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CRE Companies Face Increased State Scrutiny for Unclaimed Property Collections

Posted by Eric Olsen, CPA on Aug 31, 2020 1:54:00 PM

The pandemic is having a crippling effect on state budgets, some of which were still climbing out of the Great Recession. States expect to lose billions of dollars of revenue over the next two years – some estimate up to $200 billion – due to the economic shutdown and dollars diverted for emergency COVID-19 expenses. Texas has seen a significant decline in revenues as cases spike. While the state collected 4.3% more in sales tax revenue from the retail sector in July than in the same period last year, receipts from other sectors show a sharp decline. While awaiting word of additional federal dollars in the next stimulus package, many states have become more vigilant about collecting revenue from other sources, including unclaimed property held by commercial real estate companies.

Overview: Unpaid Property Collections

State laws require corporations to determine on an annual basis whether they are retaining money that actually belongs to the state, and this includes unclaimed property. Unclaimed property refers to those assets or funds where the rightful owner either can’t be located or has left an account dormant, typically for more than five years. If the owner of the property is not determined after a dormancy period, the money goes to the state of the owner’s last known address. That state is then permitted to use these funds in a manner that benefits the state, such as covering budget deficits. In effect, the state can increase revenue without imposing a tax increase. The revenue can be significant—in some states, the unclaimed property can be one of their most significant sources of revenue.

Increased Scrutiny on Commercial Real Estate Companies and REITs

When states are experiencing revenue shortfalls, commercial real estate companies offer a significant source of funds. As a result, CRE companies can expect increased scrutiny in the form of audits and stricter enforcement. Since states are looking for tenant overpayments, their most likely targets are multifamily corporations, and asset management companies with portfolios of commercial real estate. Overpayment can occur when tenants move and their security deposit refund is left uncashed. REITs are another target—states examine their dividend payouts.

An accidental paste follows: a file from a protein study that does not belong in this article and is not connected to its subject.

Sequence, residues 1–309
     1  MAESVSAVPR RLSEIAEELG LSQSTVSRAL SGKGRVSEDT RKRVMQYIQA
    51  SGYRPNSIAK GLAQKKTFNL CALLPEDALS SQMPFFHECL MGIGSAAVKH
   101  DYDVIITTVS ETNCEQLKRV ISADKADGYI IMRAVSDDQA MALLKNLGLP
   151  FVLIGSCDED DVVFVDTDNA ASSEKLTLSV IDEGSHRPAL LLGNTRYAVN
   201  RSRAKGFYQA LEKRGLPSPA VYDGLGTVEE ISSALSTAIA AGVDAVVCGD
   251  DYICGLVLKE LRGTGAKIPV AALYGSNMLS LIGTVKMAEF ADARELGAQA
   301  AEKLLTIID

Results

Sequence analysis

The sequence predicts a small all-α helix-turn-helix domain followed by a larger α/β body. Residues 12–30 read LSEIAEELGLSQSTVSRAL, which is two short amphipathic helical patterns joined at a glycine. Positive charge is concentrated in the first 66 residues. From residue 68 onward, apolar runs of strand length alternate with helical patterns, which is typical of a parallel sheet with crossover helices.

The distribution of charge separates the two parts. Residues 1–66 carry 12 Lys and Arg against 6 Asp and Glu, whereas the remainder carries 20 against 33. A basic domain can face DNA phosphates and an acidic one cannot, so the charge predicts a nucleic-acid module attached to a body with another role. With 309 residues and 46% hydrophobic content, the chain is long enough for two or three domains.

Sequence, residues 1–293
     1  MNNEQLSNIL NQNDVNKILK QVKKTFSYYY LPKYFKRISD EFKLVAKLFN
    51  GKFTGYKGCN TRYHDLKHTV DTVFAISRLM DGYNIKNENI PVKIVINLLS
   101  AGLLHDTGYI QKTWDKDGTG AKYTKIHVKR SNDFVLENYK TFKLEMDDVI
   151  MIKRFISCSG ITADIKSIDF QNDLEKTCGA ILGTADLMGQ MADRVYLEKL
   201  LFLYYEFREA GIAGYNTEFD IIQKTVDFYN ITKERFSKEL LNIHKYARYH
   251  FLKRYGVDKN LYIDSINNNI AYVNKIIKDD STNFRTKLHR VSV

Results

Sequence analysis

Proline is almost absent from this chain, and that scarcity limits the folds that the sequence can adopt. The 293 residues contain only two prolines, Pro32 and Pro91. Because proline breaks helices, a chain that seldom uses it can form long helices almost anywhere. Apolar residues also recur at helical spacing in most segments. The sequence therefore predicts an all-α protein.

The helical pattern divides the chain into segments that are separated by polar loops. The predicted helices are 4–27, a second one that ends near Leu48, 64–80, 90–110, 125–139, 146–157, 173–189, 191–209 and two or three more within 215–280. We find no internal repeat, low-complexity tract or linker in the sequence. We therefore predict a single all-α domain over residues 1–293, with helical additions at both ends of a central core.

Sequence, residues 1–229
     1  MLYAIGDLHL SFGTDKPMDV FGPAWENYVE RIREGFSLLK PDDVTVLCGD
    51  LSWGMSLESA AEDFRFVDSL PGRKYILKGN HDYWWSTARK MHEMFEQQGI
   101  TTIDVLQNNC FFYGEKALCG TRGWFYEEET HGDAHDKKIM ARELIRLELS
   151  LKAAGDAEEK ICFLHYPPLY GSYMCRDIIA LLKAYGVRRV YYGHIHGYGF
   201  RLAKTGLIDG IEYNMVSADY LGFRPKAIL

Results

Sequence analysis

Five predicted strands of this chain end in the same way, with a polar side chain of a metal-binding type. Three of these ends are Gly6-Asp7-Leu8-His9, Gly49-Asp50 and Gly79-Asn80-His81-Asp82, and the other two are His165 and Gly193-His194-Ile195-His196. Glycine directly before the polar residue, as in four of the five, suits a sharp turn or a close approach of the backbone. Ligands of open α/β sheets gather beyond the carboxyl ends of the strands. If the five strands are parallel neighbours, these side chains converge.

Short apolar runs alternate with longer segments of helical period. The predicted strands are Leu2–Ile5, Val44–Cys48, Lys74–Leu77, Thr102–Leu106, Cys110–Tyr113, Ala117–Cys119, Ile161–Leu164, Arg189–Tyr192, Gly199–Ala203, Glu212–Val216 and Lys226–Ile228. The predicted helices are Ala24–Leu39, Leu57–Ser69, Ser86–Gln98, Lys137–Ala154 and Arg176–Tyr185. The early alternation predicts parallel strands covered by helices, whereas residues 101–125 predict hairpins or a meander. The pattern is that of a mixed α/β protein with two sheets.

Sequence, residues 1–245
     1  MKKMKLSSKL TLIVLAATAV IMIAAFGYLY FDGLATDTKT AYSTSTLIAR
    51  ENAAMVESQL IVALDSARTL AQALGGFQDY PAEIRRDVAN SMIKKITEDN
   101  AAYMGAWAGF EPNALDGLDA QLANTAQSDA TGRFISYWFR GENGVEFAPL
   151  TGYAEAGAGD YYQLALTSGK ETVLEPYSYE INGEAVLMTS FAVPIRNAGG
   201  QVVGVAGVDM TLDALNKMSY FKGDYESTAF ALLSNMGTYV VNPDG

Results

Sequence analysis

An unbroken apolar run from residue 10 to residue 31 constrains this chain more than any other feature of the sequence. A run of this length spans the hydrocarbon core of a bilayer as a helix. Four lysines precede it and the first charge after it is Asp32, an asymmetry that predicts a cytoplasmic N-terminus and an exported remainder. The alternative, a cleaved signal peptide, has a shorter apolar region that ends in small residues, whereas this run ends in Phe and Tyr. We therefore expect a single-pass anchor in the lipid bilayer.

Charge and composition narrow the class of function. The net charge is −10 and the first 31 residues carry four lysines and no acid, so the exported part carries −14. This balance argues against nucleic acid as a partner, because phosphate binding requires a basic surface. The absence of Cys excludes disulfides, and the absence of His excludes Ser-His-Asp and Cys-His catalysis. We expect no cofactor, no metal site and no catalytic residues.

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States Ease Thresholds for Recovering Unclaimed Property

States must advertise the unclaimed property they hold. A growing number are passing laws to ease this process so they can collect more unclaimed property. Since 2016, seven states have enacted total replacements to their unclaimed property statutes, with many more to follow. For example, some states are lowering the threshold for the items that need to be reported and raising the threshold for what needs to be advertised. By doing so, they will be able to raise more revenue.

How CRE Companies Can Mitigate Exposure

States and third-party auditors will continue to target commercial real estate companies for audits and enforcement. Audits are time-consuming and costly for your company, and no one wants to take on that burden. At the same time, there is often not enough compliance among the commercial real estate industry regarding unclaimed property, and some companies may have more than $1 million in uncollected unclaimed property. The first step is to be proactive in implementing voluntary compliance initiatives to uncover potential issues that the state could target.

While you will need to remit unclaimed property, your company could potentially reclaim unclaimed property—as long as you are compliant with state requirements. In fact, states return billions of dollars of unclaimed property each year. In 2014, Texas returned more than $200 million to owners of previously unclaimed property. The best way to avoid audits is to thoroughly understand the laws regarding unclaimed property, including dormancy periods and requirements for remitting money to the state. Considering that audit estimation methods are complex, it is best to work with your tax professionals.

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Having a knowledgeable tax accountant that understands these new and complicated tax rules could provide you with valuable savings. The accountants on Goldin Peiser & Peiser’s Real Estate and Construction Services Team can help ensure these new tax laws work for you. For more information, contact Eric Olsen at 214-635-2538.

Note: This content is accurate as of the date published above and is subject to change. Please seek professional advice before acting on any matter contained in this article.

Topics: Taxes, CRE, Real Estate